One of Salim Rashid Suri's musical idols, Abdullatif al-Kuwaiti recorded for the German Odeon label in 1928 and 1929 in Baghdad and Cairo, including this stately example of sowt, which also features the brothers Daoud and Saleh al-Kuwaiti (no relation to Abdullatif) on the oud and mirwas hand-drum respectively.

Al-Jawqa Al-Iraqi Ya Yousef Al-Hasan

Al-Jawqa Al-Iraqi Ya Yousef Al-Hasan (Muhammad Al-Qubanchi)

A gloriously poised example of Iraqi maqam - a melodic improvisation on traditional Arabic musical scales - recorded in 1932 and showcasing al-Qubanchi's resonant vibrato croon.

Youahidouni La Khanani

Youahidouni la khanani (Sett Salima Pasha)

Iraq's most famous singer in the mid-20th Century, Salima Murad - who took the honorific prefix Sett ("Lady") and suffix Pasha (a Turkish title of respect) - here performs in the Iraqi pesta style, a short vocal piece sung after a maqam improvisation. She is accompanied by violin, hand-drum and either qanun (plucked zither) or santur (hammered dulcimer).

Ma Ba Shirka Budi

Ma Ba Shirka Budi (Khamis Makaddeit)

A strikingly evocative example of leywa, an African musical genre heard in towns all round the Indian Ocean, most likely originating from the slave trade. This track, recorded in Bahrain in the 1950s, features ululation and the distinctive whine of the double-reeded surnay, similar to an oboe, over a loping 6/8 drum beat.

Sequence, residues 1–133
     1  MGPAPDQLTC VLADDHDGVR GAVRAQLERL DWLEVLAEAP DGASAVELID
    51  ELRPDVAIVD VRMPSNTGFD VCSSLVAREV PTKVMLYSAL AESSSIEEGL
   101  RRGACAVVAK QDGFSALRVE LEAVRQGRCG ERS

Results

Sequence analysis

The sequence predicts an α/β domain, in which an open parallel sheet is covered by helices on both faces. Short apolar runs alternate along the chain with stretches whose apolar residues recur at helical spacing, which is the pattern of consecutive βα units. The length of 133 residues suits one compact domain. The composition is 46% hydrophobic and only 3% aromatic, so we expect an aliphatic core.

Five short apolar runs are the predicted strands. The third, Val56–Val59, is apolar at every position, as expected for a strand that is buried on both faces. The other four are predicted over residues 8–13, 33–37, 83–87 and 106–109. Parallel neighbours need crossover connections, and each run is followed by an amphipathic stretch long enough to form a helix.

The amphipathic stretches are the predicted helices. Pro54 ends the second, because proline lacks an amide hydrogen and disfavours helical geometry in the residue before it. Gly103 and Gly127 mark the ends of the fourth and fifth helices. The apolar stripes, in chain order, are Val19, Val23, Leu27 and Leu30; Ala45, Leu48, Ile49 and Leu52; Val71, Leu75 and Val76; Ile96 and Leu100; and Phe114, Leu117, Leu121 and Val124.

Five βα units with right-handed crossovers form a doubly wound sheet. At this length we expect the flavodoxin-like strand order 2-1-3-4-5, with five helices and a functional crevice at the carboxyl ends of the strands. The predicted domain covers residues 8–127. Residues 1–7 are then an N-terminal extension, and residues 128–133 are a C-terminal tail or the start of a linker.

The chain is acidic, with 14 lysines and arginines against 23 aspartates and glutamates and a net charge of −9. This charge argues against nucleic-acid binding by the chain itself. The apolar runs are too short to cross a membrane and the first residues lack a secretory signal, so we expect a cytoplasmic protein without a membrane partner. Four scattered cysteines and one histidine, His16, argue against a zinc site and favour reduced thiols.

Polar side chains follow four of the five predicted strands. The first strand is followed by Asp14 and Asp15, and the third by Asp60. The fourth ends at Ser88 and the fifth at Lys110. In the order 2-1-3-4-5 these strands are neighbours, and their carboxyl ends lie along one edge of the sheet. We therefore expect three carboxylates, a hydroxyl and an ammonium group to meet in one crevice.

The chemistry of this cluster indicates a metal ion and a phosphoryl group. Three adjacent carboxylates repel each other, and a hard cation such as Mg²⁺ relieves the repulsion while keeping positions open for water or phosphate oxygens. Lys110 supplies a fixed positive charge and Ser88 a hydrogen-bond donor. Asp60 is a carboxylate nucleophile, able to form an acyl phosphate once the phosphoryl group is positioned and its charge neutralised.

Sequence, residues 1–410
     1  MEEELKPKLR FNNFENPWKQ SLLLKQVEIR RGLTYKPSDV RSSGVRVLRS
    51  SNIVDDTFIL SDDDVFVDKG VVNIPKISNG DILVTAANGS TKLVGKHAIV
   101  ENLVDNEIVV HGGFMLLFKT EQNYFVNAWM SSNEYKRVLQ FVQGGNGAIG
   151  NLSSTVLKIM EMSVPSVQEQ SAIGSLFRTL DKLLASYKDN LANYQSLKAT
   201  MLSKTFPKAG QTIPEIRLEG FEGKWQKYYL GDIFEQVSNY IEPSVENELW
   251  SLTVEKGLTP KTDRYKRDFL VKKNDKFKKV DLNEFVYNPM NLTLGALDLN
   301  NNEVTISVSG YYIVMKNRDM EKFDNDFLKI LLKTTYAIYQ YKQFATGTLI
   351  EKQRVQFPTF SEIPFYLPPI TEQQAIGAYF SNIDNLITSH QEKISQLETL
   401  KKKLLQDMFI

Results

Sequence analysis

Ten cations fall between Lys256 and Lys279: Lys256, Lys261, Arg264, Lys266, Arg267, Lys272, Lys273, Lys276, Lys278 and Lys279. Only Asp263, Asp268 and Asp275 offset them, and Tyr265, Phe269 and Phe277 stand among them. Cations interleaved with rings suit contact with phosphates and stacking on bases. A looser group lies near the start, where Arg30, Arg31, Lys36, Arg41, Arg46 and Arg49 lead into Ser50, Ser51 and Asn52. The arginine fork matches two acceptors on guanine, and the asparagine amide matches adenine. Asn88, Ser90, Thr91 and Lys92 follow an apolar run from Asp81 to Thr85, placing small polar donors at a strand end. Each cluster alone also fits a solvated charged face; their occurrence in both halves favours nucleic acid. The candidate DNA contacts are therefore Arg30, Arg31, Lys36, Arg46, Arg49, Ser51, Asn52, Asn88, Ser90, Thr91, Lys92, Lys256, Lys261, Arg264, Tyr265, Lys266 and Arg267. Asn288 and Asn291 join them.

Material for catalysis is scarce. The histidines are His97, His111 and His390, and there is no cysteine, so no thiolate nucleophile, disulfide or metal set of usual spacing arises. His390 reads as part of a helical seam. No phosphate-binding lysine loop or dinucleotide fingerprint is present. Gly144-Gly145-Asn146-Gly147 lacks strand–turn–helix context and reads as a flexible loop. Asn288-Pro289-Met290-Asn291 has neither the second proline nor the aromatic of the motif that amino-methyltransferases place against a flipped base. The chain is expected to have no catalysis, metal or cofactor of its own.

Siqani Asal

Siqani Asal (Sanad bin Ahmad)

This very unusual a cappella maritime work song, recorded in Bahrain, features Sanad bin Ahmad, a nahham or traditional singer employed on a pearl-diving ship. Bin Ahmad's voice rises urgently above a grinding, buzzing drone, produced by a chorus of sailors growling in their throats.

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Find out more

  • Ethnomusicologist and British Library curator Rolf Killius contributed original research for this article - click here for his extended essay on Salim Rashid Suri, with links to more songs
  • The Qatar Digital Library's Soundcloud page features an extensive archive of early recordings taken from 78rpm shellac discs
  • The Qatar Digital Library YouTube channel has contemporary performances of traditional music genres, including sowt
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Round the Bend is a series of tales from the days when Britain ruled India and the Gulf, told with documents newly digitised by the British Library. You can explore the archive yourself.

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10 things we didn't know last week

Tray of beer being carried

1. There is a brown bear living at the Chernobyl site.

Find out more

2. Beer is less likely to slosh than coffee, and Guinness is easiest of all to transport.

Find out more (Daily Telegraph)

3. A copy of Shakespeare's First Folio - one of only 230 to still exist - lay unrecognised for 200 years in a library at Saint-Omer in northern France.

Find out more (Guardian)

4. Joni Mitchell stopped a biopic of her life, starring Taylor Swift, from being made.

Find out more (Rolling Stone)

5. Vegan mushroom gravy is an unusually popular Thanksgiving search term in the US state of Oregon.

Find out more (New York Times)